• A religious adherent can deprive another citizen ("a third party") of a benefit. (Principle 15)


Allowing a religionist to deny a benefit would be acceptable because the federal government must accommodate this religious belief. This clearly speaks to ongoing challenges involving cake bakers who refuse to bake cakes for same-sex weddings, plus any number of other kinds of discrimination.


At the root of the attorney general's memo is not the First Amendment, but the Religious Freedom Restoration Act, a broad and misguided act passed by Congress in the early 1990s. RFRA, not the First Amendment, was the basis of the Supreme Court's infamous Hobby Lobby decision enabling some secular corporations to deny women workers contraception based on corporate "religious belief."


The attorney general's memo repeatedly affirms RFRA: "Once a religious adherent has identified a substantial burden on his or her religious belief, the federal government can impose that burden on the adherent only if it is the least restrictive means of achieving a compelling governmental interest," Sessions states (Principle 14).


Citizens may believe whatever they like, but the right to act on those beliefs is by no means absolute, FFRF points out. "Laws are made for the government of actions, and while they cannot interfere with mere religious belief and opinions, they may with practices," the Supreme Court ruled 130 years ago. The court asked: "Suppose one believed that human sacrifices were a necessary part of religious worship; would it be seriously contended that the civil government under which he lived could not interfere to prevent a sacrifice?"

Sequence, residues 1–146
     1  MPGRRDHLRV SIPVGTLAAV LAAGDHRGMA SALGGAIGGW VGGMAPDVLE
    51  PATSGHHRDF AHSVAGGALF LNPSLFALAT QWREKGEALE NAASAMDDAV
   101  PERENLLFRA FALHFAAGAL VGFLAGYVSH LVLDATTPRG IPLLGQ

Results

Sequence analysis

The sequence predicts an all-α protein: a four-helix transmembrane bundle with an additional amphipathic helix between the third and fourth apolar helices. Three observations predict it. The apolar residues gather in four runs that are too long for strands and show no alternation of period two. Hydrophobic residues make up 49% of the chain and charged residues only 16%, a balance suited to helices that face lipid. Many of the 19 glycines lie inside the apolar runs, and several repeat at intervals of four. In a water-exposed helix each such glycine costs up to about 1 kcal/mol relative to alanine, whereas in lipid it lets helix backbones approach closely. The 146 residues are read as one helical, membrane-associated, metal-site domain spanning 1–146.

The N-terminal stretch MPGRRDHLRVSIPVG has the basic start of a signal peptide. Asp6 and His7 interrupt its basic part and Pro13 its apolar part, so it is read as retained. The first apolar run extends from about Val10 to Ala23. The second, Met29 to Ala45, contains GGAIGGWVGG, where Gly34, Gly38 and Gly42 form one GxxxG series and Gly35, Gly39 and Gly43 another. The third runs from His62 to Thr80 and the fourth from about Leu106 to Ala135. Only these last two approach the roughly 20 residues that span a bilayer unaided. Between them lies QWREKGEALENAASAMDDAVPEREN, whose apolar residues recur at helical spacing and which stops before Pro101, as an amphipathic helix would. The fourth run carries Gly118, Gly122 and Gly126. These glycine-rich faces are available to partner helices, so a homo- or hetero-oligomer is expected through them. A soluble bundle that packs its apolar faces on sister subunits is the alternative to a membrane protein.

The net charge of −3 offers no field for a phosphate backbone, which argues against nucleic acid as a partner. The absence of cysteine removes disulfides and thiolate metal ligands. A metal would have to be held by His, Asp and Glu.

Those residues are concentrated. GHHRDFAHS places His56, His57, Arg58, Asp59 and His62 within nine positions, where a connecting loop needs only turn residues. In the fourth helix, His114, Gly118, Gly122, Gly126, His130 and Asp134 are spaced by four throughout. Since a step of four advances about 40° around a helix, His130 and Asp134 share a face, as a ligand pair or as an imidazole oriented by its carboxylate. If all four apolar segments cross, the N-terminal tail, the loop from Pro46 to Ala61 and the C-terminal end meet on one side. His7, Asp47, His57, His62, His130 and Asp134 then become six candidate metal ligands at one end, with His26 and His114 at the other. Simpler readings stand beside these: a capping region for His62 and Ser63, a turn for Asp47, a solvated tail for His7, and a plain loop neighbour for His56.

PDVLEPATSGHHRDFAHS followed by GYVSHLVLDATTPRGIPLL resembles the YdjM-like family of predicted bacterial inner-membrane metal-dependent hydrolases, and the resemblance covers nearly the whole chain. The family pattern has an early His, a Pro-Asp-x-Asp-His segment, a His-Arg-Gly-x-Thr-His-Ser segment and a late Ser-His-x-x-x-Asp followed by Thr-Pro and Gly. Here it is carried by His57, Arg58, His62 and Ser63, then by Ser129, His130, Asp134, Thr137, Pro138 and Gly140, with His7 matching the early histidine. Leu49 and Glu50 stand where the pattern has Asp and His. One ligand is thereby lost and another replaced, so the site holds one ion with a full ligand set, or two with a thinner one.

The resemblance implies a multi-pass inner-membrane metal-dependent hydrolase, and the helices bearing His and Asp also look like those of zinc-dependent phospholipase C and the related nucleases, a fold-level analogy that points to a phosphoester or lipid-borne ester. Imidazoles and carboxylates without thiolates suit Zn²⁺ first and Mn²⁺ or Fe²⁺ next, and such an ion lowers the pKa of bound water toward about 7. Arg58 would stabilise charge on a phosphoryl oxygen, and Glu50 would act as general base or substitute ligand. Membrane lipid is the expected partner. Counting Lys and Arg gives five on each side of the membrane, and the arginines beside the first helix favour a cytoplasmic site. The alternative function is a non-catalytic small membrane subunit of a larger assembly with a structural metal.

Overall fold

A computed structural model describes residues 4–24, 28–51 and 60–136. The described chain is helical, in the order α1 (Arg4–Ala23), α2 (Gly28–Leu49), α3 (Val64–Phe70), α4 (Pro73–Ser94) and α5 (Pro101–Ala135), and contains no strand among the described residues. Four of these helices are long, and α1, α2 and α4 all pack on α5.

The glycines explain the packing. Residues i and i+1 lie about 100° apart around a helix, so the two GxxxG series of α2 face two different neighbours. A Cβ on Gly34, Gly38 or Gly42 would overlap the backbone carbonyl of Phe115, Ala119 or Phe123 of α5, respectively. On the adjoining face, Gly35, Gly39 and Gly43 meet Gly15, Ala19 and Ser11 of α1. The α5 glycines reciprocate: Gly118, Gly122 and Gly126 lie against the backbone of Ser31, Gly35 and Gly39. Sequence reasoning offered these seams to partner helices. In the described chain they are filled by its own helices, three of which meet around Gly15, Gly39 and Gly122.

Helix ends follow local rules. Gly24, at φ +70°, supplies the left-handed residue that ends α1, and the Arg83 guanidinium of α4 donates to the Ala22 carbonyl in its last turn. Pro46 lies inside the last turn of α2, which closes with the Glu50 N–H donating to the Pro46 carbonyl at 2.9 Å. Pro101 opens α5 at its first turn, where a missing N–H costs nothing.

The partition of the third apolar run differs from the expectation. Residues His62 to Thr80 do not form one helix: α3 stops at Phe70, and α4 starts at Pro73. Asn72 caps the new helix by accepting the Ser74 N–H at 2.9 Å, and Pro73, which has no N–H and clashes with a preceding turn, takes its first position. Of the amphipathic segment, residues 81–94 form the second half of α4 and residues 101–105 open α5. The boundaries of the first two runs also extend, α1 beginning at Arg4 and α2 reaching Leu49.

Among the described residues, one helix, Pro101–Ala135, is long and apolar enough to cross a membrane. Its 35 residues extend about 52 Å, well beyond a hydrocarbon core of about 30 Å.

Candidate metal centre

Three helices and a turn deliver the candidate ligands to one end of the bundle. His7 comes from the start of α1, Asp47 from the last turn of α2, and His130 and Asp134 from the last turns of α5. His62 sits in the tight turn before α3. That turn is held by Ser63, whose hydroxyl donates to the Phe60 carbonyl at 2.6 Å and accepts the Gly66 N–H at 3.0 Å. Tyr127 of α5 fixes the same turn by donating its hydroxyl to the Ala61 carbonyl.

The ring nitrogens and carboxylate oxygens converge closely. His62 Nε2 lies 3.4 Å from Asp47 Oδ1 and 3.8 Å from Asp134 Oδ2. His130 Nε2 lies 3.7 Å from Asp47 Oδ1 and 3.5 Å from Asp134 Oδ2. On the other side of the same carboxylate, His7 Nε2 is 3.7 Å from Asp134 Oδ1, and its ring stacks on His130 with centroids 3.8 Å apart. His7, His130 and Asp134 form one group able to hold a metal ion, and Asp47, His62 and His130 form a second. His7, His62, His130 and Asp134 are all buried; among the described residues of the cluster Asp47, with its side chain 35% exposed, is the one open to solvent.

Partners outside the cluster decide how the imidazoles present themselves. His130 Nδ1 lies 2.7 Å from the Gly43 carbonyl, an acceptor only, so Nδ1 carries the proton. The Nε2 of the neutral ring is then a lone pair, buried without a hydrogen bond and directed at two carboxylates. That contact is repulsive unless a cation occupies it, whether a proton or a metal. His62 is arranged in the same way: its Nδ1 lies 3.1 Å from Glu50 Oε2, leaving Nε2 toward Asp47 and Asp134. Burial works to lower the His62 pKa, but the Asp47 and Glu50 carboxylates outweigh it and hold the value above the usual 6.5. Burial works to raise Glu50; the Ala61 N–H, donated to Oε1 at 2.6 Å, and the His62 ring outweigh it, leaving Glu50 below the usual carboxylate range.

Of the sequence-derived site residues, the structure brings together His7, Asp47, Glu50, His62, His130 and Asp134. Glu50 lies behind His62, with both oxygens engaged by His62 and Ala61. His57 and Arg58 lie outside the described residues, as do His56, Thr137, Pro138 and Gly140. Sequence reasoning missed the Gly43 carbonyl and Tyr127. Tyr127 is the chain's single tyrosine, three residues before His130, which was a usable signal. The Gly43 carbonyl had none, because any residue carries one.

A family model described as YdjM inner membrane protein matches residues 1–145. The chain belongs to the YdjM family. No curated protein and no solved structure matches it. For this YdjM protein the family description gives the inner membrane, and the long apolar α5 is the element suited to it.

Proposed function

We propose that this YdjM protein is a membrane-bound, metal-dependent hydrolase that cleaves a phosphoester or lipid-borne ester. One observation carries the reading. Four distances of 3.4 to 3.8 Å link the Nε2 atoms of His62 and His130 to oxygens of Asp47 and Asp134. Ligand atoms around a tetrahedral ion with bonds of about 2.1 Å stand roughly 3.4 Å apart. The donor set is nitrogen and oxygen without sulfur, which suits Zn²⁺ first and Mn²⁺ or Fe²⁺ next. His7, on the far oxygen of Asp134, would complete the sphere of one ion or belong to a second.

Somewhere on the spectrum of religiously motivated action, civil law can step in. That line should be drawn where the rights of others begin. As Thomas Jefferson put it, "The legitimate powers of government extend to such acts only as are injurious to others. But it does me no injury for my neighbor to say there are twenty gods, or no god. It neither picks my pocket nor breaks my leg."


But if religion mandates picking pockets and breaking legs, it comes under the purview of our secular law. And no belief, however fervent, should change that.


However, Sessions' new rules do seek to change this. Under Sessions, the Justice Department has filed an amicus brief supporting the baker who discriminated against an LGBTQ couple, reversing the Justice Department's position.


FFRF warned the Senate about confirming Sessions as attorney general, writing that he would tear down the wall of separation between state a church, which he called "a recent thing that is unhistorical and unconstitutional." Sessions was open about his belief that "free exercise also includes the freedom to act as one's religion demands, even if such actions might curtail the civil rights of others, or run contrary to the law." 


Today's events are chilling.